Updated on August 4, 2020
Helping Your Teen Deal With Everyday Stress
Stress is something we all know about. We feel stress when we go through a tough time or experience. That might be when we lose our job, have money or relationship problems, become ill or face concerns about a loved one. And stress is not restricted to a particular age group or gender. Males and females of all ages feel stress at different times in their life.
Teens encounter stress when they break up with a friend or are subjected to being bullied or are under pressure to do well in their exams. Teens are often more stressed about a build-up of small issues rather the impact of one major incident.
Stress for a teen can come from other situations too like moving to a new school or environment, having high expectations placed on them by their family or friends, feeling usage in a particular neighborhood or when a close friend or loved one dies.
As a parent there are several things you can do to assist your teen when it comes to dealing with stress. The first is to become an expert listener. Many a teen wants to talk about the problem which is causing them to be stressed. They don’t want an adult simply telling them not to worry, to get on with life and grow up.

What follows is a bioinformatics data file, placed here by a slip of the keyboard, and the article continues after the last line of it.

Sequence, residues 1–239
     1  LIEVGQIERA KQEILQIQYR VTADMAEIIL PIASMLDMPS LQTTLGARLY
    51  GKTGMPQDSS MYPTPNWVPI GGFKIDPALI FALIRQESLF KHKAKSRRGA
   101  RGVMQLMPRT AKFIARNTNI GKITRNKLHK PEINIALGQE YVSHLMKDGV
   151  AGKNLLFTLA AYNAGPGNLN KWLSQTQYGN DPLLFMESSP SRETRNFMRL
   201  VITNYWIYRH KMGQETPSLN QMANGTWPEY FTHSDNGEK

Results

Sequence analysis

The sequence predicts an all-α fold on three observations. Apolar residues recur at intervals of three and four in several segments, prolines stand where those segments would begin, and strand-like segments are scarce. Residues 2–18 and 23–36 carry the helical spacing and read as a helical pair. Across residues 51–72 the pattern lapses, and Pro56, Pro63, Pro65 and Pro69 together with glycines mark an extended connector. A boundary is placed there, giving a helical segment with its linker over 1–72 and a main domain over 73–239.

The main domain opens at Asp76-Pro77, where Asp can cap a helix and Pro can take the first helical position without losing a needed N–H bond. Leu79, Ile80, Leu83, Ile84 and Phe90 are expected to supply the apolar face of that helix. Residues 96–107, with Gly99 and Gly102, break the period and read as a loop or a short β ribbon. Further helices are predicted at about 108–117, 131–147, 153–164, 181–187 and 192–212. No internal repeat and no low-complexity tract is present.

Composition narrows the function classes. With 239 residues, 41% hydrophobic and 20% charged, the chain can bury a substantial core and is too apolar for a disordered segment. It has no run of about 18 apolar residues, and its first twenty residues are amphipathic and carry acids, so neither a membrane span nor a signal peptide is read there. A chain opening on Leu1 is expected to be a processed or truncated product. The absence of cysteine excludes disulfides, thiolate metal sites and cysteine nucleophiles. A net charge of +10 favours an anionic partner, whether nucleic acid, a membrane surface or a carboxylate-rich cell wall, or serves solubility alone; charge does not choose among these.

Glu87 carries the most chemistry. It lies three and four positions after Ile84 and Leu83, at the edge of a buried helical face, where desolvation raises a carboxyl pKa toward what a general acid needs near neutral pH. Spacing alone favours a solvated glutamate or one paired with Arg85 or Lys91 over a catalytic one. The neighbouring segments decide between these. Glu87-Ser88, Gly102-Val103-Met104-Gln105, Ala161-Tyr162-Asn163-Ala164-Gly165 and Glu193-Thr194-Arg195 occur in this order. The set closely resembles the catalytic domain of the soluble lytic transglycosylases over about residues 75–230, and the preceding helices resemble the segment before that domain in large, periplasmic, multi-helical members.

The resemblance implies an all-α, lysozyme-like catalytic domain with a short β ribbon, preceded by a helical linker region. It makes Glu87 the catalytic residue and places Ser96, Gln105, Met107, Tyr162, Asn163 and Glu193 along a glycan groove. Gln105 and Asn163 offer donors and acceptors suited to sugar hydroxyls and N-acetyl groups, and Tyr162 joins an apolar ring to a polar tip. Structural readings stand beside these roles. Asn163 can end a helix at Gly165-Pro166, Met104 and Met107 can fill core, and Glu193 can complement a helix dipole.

Become very good at encouraging your teen to discuss their problems fully and frankly. Hear them out. Be slow to give advice and quick to listen. If you think the issue is of low importance do not state this opinion. What seems trivial to you could be far more important to your teen. They do not want to be treated lightly. Don’t mollycoddle them but do not dismiss their concerns lightly.
Make sure your teen knows you are available to discuss their stress problem at any time. Don’t be discouraged if your child rejects any offer of help or chooses not to fully confide in you and ask for your advice. Go slowly. Be patient but be available.
Become a rock, a haven, a reliable port of call to which your child can return at any time. What your teen needs is someone they can trust and depend upon. You should be that person. You never know when your teen may wish to call on your help. Simply put, just be there.
Don’t change things because your child is under stress. Try and maintain the normal family activities and carry on as if nothing has changed. Seeing this steady family unit will inwardly assist your child. They will gather confidence from your on-going and reliable behavior.
Communication is a two-way street. Build that relationship so that communication is a natural and equal way of life. Trust from parent and child is vital and with that trust comes an openness. Troubles shared means that troubles are halved. Be there for your teen and watch as they overcome their concern and thus their stress.
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